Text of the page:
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Childhood, toxic shame, toxic guilt and self-compassion

Background and objectives: Feelings of toxic shame and guilt are common symptoms of many mental disorders. Both these feelings arise from self-referential processing and it is supposed that they 1) result from maladaptive emotional schemas developed during childhood in interaction with parents and 2) are connected with lack of self-compassion. The aim of this study was to determine the correlations between these variables in two nonclinical samples.
Methods: Two questionnaire surveys were conducted to investigate connections between 1) parental emotional warmth in childhood or attachment in adulthood, 2) shame-proneness or omnipotence guilt and 3) self-compassion.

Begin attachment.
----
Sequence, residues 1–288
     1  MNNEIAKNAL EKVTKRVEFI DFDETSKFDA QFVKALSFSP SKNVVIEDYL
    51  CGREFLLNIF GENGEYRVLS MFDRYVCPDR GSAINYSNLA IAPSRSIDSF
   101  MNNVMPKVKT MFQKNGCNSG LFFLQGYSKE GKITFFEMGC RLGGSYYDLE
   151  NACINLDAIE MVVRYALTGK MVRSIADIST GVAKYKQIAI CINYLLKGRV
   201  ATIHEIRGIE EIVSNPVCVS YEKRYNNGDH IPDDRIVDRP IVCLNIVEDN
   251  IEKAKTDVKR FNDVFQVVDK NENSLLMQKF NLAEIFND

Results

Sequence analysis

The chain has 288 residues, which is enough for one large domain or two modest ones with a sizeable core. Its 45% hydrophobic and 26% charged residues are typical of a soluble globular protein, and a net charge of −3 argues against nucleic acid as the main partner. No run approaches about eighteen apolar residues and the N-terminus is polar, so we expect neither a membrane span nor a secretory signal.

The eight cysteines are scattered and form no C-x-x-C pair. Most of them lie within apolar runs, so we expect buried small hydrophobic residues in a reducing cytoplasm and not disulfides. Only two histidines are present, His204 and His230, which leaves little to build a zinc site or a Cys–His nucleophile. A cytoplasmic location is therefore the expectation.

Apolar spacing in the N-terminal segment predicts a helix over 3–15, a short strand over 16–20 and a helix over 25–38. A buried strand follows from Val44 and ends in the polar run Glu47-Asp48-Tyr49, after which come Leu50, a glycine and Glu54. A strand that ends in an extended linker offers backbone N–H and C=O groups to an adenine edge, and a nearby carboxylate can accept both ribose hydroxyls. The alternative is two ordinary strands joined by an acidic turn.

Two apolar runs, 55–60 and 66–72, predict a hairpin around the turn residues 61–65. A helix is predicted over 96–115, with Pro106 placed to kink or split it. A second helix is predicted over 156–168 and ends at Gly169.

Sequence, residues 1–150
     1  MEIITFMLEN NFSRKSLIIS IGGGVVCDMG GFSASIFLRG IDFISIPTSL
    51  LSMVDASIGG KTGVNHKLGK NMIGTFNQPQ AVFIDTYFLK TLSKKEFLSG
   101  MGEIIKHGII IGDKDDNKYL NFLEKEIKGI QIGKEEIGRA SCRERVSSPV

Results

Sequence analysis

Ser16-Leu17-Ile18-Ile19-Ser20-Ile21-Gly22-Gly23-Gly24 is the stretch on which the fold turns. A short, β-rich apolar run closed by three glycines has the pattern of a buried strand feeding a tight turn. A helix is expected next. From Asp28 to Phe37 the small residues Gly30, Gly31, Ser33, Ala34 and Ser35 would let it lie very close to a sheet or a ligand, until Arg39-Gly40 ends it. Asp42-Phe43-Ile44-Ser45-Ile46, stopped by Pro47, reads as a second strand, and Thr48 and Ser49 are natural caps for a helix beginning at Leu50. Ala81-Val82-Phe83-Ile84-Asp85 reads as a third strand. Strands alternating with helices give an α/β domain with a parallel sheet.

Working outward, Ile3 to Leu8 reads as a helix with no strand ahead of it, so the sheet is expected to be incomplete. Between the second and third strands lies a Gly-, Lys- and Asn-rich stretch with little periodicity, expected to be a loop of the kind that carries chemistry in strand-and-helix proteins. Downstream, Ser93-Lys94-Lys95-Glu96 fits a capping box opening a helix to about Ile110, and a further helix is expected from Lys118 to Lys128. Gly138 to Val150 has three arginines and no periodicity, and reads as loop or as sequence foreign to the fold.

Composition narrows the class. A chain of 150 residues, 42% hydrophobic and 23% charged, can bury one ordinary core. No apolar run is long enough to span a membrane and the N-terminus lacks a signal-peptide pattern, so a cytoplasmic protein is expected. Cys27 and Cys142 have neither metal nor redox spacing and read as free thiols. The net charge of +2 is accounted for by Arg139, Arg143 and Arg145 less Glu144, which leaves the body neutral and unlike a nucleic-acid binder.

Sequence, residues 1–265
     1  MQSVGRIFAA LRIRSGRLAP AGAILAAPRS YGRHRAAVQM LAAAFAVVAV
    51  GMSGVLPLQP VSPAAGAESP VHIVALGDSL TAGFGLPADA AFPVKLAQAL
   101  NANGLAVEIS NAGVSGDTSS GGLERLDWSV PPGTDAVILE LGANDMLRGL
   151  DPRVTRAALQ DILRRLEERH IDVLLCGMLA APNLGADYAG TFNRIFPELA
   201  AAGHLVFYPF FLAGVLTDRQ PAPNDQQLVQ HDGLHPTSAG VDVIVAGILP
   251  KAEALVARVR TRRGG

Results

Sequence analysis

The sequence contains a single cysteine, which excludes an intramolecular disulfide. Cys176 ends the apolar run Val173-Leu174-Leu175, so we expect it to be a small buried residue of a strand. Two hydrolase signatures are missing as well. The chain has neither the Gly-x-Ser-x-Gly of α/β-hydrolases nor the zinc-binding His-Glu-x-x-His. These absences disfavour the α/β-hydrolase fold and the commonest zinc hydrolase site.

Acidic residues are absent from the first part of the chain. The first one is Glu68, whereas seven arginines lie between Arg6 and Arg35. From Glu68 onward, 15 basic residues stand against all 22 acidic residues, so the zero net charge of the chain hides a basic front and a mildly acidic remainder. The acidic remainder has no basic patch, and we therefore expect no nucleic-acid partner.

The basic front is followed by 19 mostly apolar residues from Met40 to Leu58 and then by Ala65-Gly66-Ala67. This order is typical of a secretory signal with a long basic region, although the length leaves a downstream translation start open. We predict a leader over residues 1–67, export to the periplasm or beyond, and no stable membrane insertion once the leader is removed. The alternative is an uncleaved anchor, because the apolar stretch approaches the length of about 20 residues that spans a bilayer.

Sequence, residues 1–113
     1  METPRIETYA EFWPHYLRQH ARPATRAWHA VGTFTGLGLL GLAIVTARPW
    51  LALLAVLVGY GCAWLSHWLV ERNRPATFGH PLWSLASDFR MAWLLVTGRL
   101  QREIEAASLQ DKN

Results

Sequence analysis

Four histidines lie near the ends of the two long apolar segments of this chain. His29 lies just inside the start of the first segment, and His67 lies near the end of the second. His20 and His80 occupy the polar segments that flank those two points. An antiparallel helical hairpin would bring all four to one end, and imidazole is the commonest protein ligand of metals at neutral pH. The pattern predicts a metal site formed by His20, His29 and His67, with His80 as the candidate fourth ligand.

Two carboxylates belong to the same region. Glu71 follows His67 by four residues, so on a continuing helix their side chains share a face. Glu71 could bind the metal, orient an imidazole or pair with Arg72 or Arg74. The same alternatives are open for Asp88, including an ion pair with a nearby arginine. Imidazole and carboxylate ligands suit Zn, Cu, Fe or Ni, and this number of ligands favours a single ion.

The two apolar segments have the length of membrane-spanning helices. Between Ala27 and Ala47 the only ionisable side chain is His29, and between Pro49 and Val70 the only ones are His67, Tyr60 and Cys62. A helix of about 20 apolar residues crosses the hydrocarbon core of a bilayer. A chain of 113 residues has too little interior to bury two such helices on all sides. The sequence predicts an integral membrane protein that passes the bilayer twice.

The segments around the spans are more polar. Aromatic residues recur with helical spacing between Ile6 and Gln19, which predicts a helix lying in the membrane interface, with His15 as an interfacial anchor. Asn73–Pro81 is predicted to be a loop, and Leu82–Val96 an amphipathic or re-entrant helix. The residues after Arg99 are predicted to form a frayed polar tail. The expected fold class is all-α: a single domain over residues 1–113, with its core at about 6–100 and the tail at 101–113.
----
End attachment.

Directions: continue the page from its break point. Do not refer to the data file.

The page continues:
Results: In sample 1 (N1 = 302) weak to mild correlations were found between parental emotional warmth, omnipotence guilt and self-compassion. In sample 2 (N2 = 263) weak to moderate correlations were found between avoidance or anxiety, shame-proneness and self-compassion.
Discussion: We hypothesize, on the one hand, that deprivation of basic needs in childhood as well as the child's efforts to fill the holes in the roles, leads to lack of self-compassion and toxic shame and toxic guilt-proneness in adulthood. And these transdiagnostic factors seem to cause many symptoms of mental disorders. The corrective experience with the image of “ideal parents”, on the other hand, probably induces memory reconsolidation, changes the relevant emotional schemas, encourages the development of self-compassion and, as a consequence, many symptoms disappear.
Conclusions: Two independent surveys confirmed links between 1) parental emotional warmth in childhood or attachment in adulthood, 2) shame-proneness or omnipotence guilt and 3) self-compassion.